Sasha Johnson began his musical training at age 16, studying brass chamber music and tuba with Sam Pilafian at the Empire Brass Seminar of the Boston University Tanglewood Institute. He went on to study at the University of Toronto with both Mark Tetreault and Murray Crewe of the Toronto Symphony, with Toby Hanks at the Manhattan School of Music, and with Alain Cazes at the Conservatoire de Musique de Montreal. His additional private teachers have included Arnold Jacobs, Gene Pokorny, Mel Culbertson, Dennis Miller and Richard Erb.
In 1997 Sasha became the first Canadian tuba player to be accepted into the Von Karajan Academy of the Berlin Philharmonic. This program trains a small number of young professionals in the sound, style, traditions and standard of the Berlin Philharmonic Orchestra. Having begun his professional career in Berlin, Sasha went on to perform with many other European orchestras including the Berlin Symphony, the Berlin State Opera, the Radio Orchestra Berlin, the Orchestre Symphonique de Radio France, The Orchestre de Paris, the Ensemble Modern and the Orchestre Nationale de Bordeaux. He has performed in such music festivals and concert venues as the Lucerne Festival, the Festivale d’Aix en Provence, the Concertgebouw, the Konzerthaus Wien, the Theatre Champs-Elysée, the Schleswig-Holstein Festival, the Salzburg Festival and the BBC Proms, under such eminent conductors as Claudio Abbado, James Levine, Pierre Boulez, Kent Nagano, Essa-Pekka Salonen, Charles Dutoit, Kurt Masur and Seiji Ozawa.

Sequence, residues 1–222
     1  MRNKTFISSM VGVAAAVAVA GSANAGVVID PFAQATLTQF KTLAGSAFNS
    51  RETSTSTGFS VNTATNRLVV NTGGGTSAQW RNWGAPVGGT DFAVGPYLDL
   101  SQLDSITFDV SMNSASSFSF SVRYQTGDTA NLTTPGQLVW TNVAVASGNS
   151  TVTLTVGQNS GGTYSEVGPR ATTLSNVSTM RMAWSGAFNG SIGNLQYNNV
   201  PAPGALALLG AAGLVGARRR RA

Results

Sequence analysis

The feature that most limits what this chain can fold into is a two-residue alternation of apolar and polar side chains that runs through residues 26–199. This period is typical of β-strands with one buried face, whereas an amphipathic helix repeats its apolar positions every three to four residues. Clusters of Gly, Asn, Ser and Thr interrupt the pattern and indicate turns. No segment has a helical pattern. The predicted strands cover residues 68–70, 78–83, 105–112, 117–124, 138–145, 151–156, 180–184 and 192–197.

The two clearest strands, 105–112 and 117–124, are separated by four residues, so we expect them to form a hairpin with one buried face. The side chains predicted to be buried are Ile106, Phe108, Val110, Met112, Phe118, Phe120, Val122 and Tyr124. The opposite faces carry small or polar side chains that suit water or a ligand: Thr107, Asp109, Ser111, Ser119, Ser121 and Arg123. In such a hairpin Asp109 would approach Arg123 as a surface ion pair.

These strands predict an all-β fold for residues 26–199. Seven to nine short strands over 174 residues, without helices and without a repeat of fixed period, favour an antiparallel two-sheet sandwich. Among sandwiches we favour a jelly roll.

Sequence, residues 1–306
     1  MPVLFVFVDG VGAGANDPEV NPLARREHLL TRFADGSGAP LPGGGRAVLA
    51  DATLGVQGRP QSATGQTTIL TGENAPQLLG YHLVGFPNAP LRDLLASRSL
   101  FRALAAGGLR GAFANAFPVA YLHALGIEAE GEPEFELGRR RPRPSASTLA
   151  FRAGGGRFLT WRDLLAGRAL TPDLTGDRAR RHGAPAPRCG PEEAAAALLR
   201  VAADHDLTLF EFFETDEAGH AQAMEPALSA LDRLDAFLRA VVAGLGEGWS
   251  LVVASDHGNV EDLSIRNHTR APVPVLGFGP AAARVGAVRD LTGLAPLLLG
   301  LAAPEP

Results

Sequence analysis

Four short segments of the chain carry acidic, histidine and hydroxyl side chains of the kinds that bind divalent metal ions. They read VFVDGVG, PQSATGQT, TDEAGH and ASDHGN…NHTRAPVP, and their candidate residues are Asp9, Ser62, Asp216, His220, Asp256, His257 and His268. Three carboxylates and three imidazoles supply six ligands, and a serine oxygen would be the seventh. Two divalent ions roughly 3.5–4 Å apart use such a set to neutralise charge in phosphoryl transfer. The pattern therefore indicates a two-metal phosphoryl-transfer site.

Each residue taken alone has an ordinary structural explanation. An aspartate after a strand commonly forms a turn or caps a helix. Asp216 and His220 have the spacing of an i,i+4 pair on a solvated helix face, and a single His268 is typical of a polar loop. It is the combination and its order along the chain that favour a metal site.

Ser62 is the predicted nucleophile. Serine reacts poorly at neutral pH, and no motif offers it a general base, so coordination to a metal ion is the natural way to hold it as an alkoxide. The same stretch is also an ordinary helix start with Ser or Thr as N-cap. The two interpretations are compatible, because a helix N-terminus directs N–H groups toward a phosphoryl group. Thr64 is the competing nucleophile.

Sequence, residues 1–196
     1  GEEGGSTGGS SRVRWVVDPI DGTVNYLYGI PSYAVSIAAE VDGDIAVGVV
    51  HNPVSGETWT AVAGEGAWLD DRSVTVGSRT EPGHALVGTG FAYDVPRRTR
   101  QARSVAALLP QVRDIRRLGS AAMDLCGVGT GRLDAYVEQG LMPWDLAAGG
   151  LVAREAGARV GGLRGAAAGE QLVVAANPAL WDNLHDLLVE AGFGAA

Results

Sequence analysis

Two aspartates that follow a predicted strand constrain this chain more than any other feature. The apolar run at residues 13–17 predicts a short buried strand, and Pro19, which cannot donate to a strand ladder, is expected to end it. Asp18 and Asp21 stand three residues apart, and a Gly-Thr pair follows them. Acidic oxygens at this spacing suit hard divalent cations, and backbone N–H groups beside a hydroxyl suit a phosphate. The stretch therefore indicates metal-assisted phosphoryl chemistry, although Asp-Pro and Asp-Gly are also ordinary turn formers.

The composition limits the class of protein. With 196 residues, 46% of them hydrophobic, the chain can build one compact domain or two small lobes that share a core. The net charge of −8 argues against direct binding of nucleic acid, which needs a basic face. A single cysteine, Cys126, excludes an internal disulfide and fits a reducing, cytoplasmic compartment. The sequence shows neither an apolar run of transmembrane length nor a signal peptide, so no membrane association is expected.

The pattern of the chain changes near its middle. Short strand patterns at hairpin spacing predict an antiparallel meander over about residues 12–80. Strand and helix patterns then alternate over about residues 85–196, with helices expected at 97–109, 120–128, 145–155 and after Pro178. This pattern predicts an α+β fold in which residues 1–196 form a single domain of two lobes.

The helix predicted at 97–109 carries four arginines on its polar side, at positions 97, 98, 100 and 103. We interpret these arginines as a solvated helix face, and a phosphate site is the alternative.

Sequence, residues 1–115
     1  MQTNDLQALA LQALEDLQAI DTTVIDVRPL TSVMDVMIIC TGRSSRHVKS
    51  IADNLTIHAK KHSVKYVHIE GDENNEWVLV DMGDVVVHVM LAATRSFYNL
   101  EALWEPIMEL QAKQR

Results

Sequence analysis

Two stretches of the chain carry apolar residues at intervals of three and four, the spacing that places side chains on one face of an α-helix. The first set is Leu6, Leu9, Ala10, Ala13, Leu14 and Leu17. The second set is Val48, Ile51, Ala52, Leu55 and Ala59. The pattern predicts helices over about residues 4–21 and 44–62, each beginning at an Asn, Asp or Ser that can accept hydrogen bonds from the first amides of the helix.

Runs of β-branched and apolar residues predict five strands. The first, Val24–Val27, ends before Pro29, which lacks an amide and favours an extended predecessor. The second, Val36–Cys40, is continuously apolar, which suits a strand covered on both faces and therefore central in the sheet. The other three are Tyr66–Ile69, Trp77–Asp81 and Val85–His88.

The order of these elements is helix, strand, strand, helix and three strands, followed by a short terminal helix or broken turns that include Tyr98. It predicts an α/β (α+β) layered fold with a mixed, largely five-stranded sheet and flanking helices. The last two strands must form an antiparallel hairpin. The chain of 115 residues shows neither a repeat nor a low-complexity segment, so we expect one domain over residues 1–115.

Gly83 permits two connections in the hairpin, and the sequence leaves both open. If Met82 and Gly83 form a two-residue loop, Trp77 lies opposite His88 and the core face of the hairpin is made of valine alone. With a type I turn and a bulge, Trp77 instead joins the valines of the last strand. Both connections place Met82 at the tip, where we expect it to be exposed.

Sasha returned to Canada in 2001 and has established himself as a prominent performer and pedagogue. He currently lives in Montreal and performs there regularly with the Orchestre Symphonique de Montreal. He is the instructor of tuba at the Glenn Gould School and an instructor of low brass and chamber music at McGill University. In January 2009, Sasha was appointed principal tuba of the National Ballet of Canada Orchestra, and recently finished playing the 2009/2010 season with the Toronto Symphony Orchestra.